The small town of Artá has an oldy worldy character and radiates a confident civil pride. The medieval fortified wall, the noble feudal palaces with their coats of arms, the impressive parish church of the Transfiguration of Christ and the Santuario de San Salvador – Sanctuary of San Salvador – make up an impressive area, with lots and lots of steps.
The parish church was built in the middle of the 13th century, after the victory of King Jaime I, on the foundations of an Islamic mosque. It was destroyed and ransacked several times by pirate attacks and had to be rebuilt. The current church dates from the 16th century and, through its coloured rose windows, the prism of light blends and illuminates the beautiful inside of the church. In the vaults of the ceiling, you can see baroque style naturalistic representations.
Directly behind the church there is a route of 180 stone steps constructed in 1831 and flanked by cypress trees that leads to the sanctuary of San Salvador. This is an imposing fortress with its high walls and defence towers.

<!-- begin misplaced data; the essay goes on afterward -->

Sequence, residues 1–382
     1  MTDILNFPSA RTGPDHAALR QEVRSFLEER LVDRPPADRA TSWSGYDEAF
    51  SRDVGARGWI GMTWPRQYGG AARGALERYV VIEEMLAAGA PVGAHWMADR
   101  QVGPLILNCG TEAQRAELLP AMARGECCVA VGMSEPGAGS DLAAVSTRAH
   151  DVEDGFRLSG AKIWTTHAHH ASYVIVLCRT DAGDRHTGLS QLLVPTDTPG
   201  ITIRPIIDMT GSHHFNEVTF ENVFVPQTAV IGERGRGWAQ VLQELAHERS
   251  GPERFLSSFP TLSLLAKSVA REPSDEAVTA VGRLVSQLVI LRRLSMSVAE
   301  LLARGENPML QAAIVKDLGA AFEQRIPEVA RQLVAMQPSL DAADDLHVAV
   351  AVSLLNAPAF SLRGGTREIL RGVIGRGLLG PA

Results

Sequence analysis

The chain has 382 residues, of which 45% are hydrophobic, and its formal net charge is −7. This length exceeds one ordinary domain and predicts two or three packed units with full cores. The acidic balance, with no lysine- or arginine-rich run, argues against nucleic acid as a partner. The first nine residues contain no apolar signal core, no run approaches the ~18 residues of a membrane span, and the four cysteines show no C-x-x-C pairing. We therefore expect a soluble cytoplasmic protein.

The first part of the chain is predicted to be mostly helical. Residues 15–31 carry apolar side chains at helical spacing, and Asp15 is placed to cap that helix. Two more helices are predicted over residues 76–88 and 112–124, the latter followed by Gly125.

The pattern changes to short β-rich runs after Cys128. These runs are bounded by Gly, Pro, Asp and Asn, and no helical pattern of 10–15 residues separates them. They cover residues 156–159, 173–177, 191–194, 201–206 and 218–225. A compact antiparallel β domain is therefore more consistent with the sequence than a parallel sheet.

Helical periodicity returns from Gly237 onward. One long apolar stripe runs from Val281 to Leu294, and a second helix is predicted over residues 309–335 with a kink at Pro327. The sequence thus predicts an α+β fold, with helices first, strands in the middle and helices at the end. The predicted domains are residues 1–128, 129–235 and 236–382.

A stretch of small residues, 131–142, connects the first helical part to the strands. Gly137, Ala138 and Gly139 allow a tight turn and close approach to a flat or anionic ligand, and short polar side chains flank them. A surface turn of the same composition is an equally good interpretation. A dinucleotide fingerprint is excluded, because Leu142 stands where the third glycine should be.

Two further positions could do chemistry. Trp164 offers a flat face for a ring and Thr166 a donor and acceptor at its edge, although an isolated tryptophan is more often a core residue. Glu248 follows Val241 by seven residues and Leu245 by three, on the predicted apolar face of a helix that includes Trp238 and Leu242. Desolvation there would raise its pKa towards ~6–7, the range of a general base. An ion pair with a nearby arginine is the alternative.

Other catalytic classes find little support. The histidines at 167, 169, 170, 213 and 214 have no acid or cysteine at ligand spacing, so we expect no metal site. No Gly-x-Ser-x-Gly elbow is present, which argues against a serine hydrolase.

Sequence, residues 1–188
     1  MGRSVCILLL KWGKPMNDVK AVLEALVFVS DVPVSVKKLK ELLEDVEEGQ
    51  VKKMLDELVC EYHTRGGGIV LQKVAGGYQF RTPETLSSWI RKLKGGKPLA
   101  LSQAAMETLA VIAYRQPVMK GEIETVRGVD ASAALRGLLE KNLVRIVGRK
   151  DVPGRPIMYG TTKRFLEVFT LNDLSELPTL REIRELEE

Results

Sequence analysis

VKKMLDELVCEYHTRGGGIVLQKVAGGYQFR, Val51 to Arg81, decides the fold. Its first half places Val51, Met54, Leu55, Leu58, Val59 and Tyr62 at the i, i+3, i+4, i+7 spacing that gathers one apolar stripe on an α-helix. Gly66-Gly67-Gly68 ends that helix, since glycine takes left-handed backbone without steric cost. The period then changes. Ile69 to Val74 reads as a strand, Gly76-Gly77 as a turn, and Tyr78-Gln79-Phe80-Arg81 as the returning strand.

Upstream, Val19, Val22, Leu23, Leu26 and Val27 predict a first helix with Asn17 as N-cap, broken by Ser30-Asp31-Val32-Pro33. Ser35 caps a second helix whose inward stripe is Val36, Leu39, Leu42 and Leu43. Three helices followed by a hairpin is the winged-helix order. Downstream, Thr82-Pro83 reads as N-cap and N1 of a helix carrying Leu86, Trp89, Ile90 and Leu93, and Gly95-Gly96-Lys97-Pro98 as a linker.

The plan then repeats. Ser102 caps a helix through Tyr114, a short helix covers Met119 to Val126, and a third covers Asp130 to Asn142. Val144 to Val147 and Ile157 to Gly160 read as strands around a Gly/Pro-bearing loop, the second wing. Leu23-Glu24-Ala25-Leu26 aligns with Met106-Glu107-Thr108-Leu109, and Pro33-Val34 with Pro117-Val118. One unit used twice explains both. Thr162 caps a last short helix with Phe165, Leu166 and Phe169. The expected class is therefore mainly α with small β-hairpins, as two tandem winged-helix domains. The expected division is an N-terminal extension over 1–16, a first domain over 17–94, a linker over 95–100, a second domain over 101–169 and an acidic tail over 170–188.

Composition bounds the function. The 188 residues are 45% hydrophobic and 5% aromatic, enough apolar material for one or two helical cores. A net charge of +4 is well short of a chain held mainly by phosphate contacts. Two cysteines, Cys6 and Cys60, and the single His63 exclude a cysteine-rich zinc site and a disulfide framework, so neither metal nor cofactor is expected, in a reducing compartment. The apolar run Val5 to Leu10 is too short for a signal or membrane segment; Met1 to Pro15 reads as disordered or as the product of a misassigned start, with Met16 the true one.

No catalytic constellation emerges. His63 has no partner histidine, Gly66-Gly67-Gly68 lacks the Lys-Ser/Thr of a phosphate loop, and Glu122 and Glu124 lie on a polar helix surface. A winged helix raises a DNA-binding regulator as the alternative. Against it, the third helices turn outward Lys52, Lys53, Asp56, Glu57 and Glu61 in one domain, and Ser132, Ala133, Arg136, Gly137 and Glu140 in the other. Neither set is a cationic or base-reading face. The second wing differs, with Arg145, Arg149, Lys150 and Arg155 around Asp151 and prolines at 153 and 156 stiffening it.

In the church, there is a valuable collection of paintings, including ones that depict the surrender of Mallorca by the moors emir to the King Jaime I and the martyrdom of Ramón Llull who was stoned to death in Algeria.
The view from the terrace of San Salvador is stunning, since it takes in the mountainous, rocky landscape of the Serra de Llevant in the east to the Serra de Tramontana – the Tramontana Mountains – in the west. Also to the east, beyond the Torre de Canaymel you can see the shining blue sea with its pine coast.